Duplication-divergence models of PPI evolution propose a simple and yet plausible idea of how evolution might have formed PPI networks over millions of years – by repeated duplication of interacting genes followed by their divergence. Figure 2 illustrates this idea.
Implications of the Duplication-Divergence Model for Homology-Based PPI Validation
The duplication-divergence model of PPI evolution as shown in Figure 2 suggests that most biologically relevant PPIs descend from a common ancestral PPI, i.e. the PPIs are homologous to each other. This allows assessing the plausibility of an experimentally determined PPI as follows: for a true-positive PPI, one expects to see many homologous PPIs, whereas for a false-positive PPI this should be less likely. A sensitive search for homologous PPIs should thus, in principle, be able to filter out large numbers of false-positive PPIs from experimental PPI data sets while retaining the bulk of true-positive PPIs. However, both the incompleteness of today's PPI data sets and the fact that common ancestry is often elusive represent major practical obstacles along the way.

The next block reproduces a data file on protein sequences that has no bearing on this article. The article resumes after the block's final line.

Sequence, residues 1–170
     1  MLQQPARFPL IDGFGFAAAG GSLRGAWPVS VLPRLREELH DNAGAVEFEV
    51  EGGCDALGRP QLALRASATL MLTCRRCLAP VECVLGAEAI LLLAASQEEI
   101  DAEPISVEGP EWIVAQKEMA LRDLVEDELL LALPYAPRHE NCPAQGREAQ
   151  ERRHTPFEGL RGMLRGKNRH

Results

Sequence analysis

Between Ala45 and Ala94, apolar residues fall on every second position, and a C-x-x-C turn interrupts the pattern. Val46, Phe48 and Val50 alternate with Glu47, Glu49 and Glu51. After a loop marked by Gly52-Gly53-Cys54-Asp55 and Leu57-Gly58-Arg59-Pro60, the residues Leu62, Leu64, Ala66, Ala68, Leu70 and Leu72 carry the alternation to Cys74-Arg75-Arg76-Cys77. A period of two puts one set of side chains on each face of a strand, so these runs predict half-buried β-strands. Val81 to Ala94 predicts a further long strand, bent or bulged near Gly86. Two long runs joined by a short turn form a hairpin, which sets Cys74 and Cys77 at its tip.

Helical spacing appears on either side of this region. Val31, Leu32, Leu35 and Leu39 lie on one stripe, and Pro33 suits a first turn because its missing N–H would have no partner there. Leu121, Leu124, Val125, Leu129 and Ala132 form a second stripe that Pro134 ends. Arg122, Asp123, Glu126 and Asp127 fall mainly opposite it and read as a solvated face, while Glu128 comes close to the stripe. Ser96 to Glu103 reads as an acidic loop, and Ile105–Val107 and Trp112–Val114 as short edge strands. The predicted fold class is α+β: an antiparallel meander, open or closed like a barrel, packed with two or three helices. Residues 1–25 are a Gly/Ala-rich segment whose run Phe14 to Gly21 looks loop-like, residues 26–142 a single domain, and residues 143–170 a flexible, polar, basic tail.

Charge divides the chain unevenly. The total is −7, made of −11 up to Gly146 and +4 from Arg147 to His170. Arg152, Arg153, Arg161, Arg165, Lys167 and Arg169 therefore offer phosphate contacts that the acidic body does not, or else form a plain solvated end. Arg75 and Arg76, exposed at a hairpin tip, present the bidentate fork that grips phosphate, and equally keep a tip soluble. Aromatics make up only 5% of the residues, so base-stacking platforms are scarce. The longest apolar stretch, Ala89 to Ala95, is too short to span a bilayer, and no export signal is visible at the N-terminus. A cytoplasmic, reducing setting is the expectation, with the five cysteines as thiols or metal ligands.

For assessing the validity of an experimentally predetermined PPI, also 'weak' homologous PPIs can be informative ('weak' in the sense of 'weak signal of homology'). Their incidence might support or contradict the idea that a questioned PPI evolved by duplication-divergence, which in turn can strengthen or weaken the position that a PPI is biologically relevant. However, the value of weak homologous PPIs for PPI prediction is limited: one cannot infer from a given pair of interacting proteins that very distant homologs interact as well. In the majority of cases this prediction would be simply wrong, because due to divergence most duplicated PPIs are eventually lost. PPIs inferred by homology are thus only trustworthy if protein similarity is high [41, 42] or if these PPIs are supported by complementary data .
Weak Homologous Interactions – Signal or Noise?